There are active styli out there, and they take 3A or 4A batteries and don't require any wireless connection. How do those emulate human touch?

EDIT: I am specifically interested in iPad touch screens. After some research, I have realized that there are many types of capacitive sensor tech, but most people seem to be in agreement that Apple uses mutual capacitive projected capacitance sensor arrays. These are set up with a grid of capacitors. A voltage is applied to one axis, and the other axis reports change in voltage when the local electric field of a finger alters mutual capacitance of the capacitors directly underneath it.

EDIT 2: what I really want is something with a fine tip like a ballpoint pen to project about a 5mm electric field the same way that a human finger does. There are styli on the market that try to work with a fine tip, but they all fail and I do not want one. I want to make my own because DIY projects are way more fun than buying an overpriced failure of a product.

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    \$\begingroup\$ "don't require any wireless connection"? what does this mean? Does it mean they have a wired connection? \$\endgroup\$ – Andy aka May 16 '14 at 15:48
  • \$\begingroup\$ As far as I can tell, an active stylus uses the "active" part to interact with a digitiser in the screen. The capacitance interaction is passive. \$\endgroup\$ – Andrew Morton May 16 '14 at 19:16
  • \$\begingroup\$ @Andy, there are more expensive active styli that use Bluetooth and send motion tracking information to the device, so as to help it decide where the tip is, but require devs of apps to put the SDK of that stylus in their app. iOS doesn't natively support anything that's smaller than whatever Apple decides a finger is. \$\endgroup\$ – Raiden Dark May 17 '14 at 19:50

How do those emulate human touch?

Capacitive touch screens don't work from the supposed "aura" that some folk believe emanates from humans - they'll work with dogs, cats, medium sized rodents, pieces of metal and probably wet wood. Maybe they'll also work with high dielectric plastics too.

Capacitance is not given by gods to humans but is firmly routed in the physics of objects and the "styli" or pen has to be held in the hand and therefore a significant capacitive connection to the body is made (whether wireless or otherwise).

I suspect that wireless styli that use batteries may work by sensing the capacitive sensor's AC field and re-injecting some form of antiphase signal - the disruption is likely to be enough to "register" a keypress.

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  • \$\begingroup\$ I'm pretty sure the snark response to op's use of the phrase "human touch" isn't warranted -1 \$\endgroup\$ – Passerby May 16 '14 at 17:38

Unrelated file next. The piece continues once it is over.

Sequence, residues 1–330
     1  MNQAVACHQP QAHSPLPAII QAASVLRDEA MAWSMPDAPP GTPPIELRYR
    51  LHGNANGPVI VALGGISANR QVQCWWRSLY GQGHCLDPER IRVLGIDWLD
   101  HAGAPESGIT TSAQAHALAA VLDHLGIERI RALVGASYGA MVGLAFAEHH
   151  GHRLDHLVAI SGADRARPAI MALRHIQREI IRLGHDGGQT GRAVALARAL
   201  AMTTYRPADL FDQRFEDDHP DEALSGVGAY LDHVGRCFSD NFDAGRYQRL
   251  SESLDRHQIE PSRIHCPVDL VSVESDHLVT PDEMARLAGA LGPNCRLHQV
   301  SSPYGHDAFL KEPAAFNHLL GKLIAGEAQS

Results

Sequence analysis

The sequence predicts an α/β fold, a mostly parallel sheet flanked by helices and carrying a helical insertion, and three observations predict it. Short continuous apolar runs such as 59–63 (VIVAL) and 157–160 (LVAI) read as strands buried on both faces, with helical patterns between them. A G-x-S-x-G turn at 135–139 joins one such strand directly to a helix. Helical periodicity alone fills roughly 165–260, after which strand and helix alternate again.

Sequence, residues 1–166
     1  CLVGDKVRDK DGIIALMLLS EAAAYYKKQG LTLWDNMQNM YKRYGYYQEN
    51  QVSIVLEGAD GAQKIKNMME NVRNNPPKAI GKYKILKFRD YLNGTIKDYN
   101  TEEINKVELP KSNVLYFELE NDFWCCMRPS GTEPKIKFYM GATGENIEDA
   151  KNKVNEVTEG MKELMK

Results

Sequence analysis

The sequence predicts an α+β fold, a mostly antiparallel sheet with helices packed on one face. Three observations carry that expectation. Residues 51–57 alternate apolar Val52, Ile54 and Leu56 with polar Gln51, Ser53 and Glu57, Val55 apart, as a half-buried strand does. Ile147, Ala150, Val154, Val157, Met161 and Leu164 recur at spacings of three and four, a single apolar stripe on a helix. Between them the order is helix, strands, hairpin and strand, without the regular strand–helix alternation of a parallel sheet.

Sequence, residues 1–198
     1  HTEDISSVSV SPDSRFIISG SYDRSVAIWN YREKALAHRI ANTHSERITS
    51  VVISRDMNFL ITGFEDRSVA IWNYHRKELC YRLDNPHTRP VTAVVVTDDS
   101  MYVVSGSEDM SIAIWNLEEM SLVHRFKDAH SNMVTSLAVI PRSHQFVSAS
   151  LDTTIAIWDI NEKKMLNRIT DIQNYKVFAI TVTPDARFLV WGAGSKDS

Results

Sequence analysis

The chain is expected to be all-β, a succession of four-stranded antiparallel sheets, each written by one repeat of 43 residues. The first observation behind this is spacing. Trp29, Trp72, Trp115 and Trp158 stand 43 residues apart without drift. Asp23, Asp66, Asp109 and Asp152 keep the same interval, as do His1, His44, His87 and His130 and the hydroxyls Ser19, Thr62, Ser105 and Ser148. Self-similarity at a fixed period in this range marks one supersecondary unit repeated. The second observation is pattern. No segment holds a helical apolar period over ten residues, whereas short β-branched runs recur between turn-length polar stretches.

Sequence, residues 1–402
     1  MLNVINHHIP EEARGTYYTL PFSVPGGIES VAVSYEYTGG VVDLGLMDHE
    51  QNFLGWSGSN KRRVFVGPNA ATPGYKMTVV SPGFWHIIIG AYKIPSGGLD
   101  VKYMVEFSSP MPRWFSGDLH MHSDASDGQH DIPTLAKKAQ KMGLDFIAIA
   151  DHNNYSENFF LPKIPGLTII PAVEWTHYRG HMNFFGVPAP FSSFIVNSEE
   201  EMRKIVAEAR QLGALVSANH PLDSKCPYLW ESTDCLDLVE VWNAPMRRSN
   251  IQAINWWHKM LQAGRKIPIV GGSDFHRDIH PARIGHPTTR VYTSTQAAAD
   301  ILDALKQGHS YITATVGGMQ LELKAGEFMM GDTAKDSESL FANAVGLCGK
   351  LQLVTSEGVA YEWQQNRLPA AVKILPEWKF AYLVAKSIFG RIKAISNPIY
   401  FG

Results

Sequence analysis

• \$\begingroup\$ @Passerby Aw... just a little humour can't be much out of place now and then can it? \$\endgroup\$ – Andy aka May 16 '14 at 17:42
  • \$\begingroup\$ No, but yours falls on the wrong side of snide \$\endgroup\$ – Passerby May 16 '14 at 19:51
  • \$\begingroup\$ @Andy:I said "human touch" for a reason. The ipad touchscreen is looking for something that gives off a similar signal and is similar in size, which is why passive styli are at least 6mm in width. Any smaller, and the sensor array refuses to treat whatever it senses as "input". \$\endgroup\$ – Raiden Dark May 17 '14 at 19:46
  • \$\begingroup\$ @Andy, I believe that is how one of them works, but its competition uses other methods. One uses ultrasound I believe. At least it claims to. Why is an anti-phase signal necessary though? The human body doesn't do that, right? \$\endgroup\$ – Raiden Dark May 17 '14 at 20:14

A capacitive touch screen is one half of a capacitor. To make it work, the equivalent of the remaining capacitor plate is needed. This will be a conductive element that is capable of absorbing charge. Your finger is connected to you and your body is large enough to absorb the small amount of charge to be sensed by the screen.

Interestingly, if you held a battery cell in your hand and touched the button end to the screen, it would sense that, too. It's just a piece of conductive metal, after all.

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  • \$\begingroup\$ I am specifically talking about an iPad screen. Sorry, should have specified. See edit. \$\endgroup\$ – Raiden Dark May 17 '14 at 19:53
  • \$\begingroup\$ I see Wikipedia talks a bit about this technology. But the gist of the answer is the same: it's the effect on the capacitance caused by bringing another conductive surface near the screen. Although I don't have an iPad to try it on, I bet the battery trick still works. \$\endgroup\$ – gbarry May 18 '14 at 2:30
  • \$\begingroup\$ Battery is too fat and I've know about that since high school. See edit. \$\endgroup\$ – Raiden Dark May 18 '14 at 3:46

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